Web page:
Before deciding to prepare for my first powerlifting meet, I had been reverse dieting with Sohee for the three months prior, immediately following my latest bikini bodybuilding competition. She did an amazing job increasing my calories from about 1,425 to about 2,080 (17x my body weight!), increasing my weight to 121-124lbs on any given day from my stage weight of approximately 115lbs. The amazing thing was that my body composition wasn’t much different —  just a nice supple, lean look! And my strength gains in the gym and muscle mass gains were coming along nicely.

With powerlifting, you do need to commit to a weight class, though.  There was a 114lb class and a 123lb class. I had no desire to cut to 114 lbs because I was in bikini offseason and wanted to keep chasing muscle gains (gotta eat surplus for that!) and I was in love with my strength gains in reverse dieting.  The 123lb class seemed reasonable as I typically weighed in under that every morning.

Note from Sohee: The 123lb weight class was perfect for Jenny because her offseason weight hovered right around there. I didn’t want her to have to stress out about having to drop water weight; I simply wanted her to train hard and enjoy the overall experience. 

That being said, the goal was to maintain bodyweight (more or less) while increasing strength, so once we reversed my macros up to a healthy intake, we kept them constant for several months.

Here’s what’s intriguing, though: I was pushing strength gains every time in the gym and cycling programs about every 3-5 weeks with a deload week, and I was hungry!  This was crazy because I wasn’t dieting down like in bikini prep to push limits in leanness. I was eating a lot!  But my as my PRs continued in training, my body wanted more to eat.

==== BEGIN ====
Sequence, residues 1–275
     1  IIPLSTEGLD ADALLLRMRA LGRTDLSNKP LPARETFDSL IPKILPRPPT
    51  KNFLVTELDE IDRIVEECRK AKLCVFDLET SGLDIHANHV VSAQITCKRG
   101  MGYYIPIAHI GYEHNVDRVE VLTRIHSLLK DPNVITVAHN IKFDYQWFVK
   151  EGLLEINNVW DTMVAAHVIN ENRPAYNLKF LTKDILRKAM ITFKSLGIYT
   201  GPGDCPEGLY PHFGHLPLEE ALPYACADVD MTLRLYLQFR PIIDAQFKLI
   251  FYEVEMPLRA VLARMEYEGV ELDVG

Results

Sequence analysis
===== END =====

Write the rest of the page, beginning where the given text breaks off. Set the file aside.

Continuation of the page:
So what happened?  I had to mentally push through it some days and really respect deload weeks to recharge. And as an unplanned side benefit, I got major lean muscle mass benefit and physique improvement — more than I have ever been able to achieve by focusing on bodybuilding alone. By the end of prep, without trying and without mental fog like what occurs when pushing body fat of 10%-11% like in bikini bodybuilding prep, I got some major upper body gains to better balance out my genetically blessed glutes.

Upper body progress, from December 2014 to November 2015

Upper body progress, from December 2014 to November 2015

This is a major feat for a lanky, narrow hard gainer like myself.  And the beauty of it all was I really coasted into weigh-in pretty effortlessly and did not stress at all about it.

To make weigh-ins,  I did two days of slightly reduced calories and mostly liquid shakes, and without really trying, I dropped about 5lbs and came in well under the 123lb weight limit. Those liquid days were tough, but really nothing in comparison to “dialing” in you do for weeks with bodybuilding prep.

Chowing down on donuts after successfully making weigh-ins!

Chowing down on donuts after successfully making weigh-ins!

Then after eating almost twice as much as I usually do both Saturday and Sunday to fuel my performance, I still was only around 121 lbs the morning of the meet.